Friday, February 12, 2010

I HAVE HAD ENOUGH WITH HAD

While making a concerted effort to keep as many HADs out of my book as possible, sometimes it is unavoidable. Yet, as the scrutinizing reader/writer that I am, those HADS always jump out like blemishes on the page.

However, if I am writing my book in first person past-tense and I am referring to something IN THE PAST, what about those HADs? Is there a home for them there?

I want to know how everyone treats this wretched word. I am giving an ambiguous and probably boring excerpt to illustrate.

The first is littered with HADS.

My eyes fell on my duffle bag, almost hidden beneath the extra pillows I HAD thrown off my bed when I HAD arrived. I HAD used the bag as a carry-on during my flight but HAD spent the overnight hours on the plane sleeping rather than reading. I unzipped the bag and saw the shoes, tossed among my paperbacks with a piece of paper crammed under the toes and dried mud still clinging to the soles.

See? She is looking at her duffle bag NOW. She unzips her duffle bag NOW. The rest is in the past.

And maybe I can eliminate some of the hads and not put them in capitals :) There is always, "I'd."

What if I wrote it like this?

My eyes fell on my duffle bag, almost hidden beneath the extra pillow I threw off my bed when I arrived. I used the bag as a carry-on during the flight but spent the overnight hours on the plane sleeping rather than reading. Now, I unzipped the bag and saw the shoes, tossed among the paperbacks...and the rest of it.

I think then, "now" should be added to re-orient the reader to the present-ness of the situation.

Now tell me your opinion about that awful three-letter word.

14 comments:

  1. The second version is much better. I don't think you need NOW. In fact, it's distracting. The unzipping of the bag is action enough to tell me what's happening. At least that's what I HAD thought when I HAD first read it.

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  2. That's how I would of changed it. I recently read a book full of HADS and it drove me crazy. My problem word is THAT. Had is an issue to though.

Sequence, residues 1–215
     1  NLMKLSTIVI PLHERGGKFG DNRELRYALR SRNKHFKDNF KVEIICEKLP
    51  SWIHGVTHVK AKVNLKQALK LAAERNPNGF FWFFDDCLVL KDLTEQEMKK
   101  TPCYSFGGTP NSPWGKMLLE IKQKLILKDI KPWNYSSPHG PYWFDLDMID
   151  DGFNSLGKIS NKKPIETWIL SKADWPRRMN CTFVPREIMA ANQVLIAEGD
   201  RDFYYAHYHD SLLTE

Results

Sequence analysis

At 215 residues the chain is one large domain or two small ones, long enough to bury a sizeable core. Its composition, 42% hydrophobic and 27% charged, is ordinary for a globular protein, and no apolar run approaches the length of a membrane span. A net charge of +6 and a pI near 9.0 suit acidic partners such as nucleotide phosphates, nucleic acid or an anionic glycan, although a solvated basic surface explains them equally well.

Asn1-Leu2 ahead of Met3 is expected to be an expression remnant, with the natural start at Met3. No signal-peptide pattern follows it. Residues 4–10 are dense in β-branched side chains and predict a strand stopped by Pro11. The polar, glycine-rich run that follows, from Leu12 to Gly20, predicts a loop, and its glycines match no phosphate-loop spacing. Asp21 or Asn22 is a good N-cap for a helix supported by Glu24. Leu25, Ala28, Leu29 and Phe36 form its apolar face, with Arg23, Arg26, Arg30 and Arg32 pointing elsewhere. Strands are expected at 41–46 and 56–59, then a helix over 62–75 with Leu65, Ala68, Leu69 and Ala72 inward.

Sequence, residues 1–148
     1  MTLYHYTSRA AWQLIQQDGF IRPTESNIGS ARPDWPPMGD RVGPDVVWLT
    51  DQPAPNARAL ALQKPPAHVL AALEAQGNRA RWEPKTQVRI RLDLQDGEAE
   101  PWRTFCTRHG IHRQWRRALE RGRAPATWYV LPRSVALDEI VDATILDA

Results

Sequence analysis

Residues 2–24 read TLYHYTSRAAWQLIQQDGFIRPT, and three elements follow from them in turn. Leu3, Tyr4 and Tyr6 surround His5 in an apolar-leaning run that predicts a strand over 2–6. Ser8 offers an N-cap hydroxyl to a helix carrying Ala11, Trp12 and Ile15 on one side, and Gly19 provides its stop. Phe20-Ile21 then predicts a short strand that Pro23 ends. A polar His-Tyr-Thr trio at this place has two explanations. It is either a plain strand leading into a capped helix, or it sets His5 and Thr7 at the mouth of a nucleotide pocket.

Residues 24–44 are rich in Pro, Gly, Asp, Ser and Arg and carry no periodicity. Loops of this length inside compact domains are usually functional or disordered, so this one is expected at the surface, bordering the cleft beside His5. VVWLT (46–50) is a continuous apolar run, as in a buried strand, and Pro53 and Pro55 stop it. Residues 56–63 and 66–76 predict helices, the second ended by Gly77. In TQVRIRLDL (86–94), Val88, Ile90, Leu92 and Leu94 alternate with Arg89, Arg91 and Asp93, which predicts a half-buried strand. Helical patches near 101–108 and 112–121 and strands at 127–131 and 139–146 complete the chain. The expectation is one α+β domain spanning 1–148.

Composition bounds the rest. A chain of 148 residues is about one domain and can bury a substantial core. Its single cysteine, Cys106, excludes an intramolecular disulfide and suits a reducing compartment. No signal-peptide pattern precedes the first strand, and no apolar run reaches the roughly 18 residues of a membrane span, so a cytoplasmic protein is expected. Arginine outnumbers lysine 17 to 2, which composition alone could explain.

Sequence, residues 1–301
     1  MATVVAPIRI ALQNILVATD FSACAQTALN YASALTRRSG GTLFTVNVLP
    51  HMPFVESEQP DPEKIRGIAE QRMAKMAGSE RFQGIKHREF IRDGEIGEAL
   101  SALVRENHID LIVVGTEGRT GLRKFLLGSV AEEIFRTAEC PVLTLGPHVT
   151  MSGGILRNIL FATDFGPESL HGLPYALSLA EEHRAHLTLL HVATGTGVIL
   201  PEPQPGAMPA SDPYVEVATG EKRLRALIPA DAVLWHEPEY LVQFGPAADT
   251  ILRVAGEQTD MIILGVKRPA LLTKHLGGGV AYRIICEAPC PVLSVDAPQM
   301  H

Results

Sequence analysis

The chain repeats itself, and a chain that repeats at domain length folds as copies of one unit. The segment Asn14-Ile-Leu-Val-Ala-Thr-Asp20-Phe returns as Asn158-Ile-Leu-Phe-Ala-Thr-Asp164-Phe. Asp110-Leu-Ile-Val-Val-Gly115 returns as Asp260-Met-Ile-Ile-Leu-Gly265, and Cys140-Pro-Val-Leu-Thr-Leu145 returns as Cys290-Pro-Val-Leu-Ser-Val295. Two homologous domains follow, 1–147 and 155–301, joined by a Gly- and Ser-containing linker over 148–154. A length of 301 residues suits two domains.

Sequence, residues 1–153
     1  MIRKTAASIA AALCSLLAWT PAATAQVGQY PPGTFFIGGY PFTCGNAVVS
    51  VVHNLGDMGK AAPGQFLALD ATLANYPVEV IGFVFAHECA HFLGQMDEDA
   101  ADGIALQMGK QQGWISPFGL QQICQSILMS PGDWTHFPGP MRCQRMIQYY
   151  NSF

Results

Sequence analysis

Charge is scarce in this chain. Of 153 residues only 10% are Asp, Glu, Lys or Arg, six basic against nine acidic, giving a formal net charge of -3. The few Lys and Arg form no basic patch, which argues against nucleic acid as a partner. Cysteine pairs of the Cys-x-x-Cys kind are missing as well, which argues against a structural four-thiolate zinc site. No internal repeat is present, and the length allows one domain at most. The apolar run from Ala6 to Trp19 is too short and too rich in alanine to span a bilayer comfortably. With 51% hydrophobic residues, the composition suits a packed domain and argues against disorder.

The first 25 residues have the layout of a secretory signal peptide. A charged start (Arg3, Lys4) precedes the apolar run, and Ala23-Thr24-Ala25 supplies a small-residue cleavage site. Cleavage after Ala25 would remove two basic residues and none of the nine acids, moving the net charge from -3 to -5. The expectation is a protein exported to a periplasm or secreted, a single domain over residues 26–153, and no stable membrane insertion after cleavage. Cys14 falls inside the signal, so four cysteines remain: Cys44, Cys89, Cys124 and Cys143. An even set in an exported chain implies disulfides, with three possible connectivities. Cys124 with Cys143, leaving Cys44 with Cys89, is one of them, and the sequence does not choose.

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  3. Ah, had is one of my problems, too. And the word just. They always pop up in my ms, but fortunately my cp's usually spot them for me.

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  4. Ack, I have trouble with that stinker too. I've heard that the first had orients the reader and then you don't need other hads because the reader knows we're in the past. Sometimes that works for me, sometimes not.
    :-)

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  5. What's really cool is that you notice this kind of thing! I mean, I probably need to be hit over the head with the fact that I'm doing the HAD thing in a scene.

    Well done.

    And I think the revised way does sound more clean.

    Shelley

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  6. I definitely like your second one better.

    My three letter word was "was" but now I'm aware of my overuse of the word "was" so I try not to use it as much as possible.

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  7. Jessica-You're the second one that has mentioned that now. Must be something to it.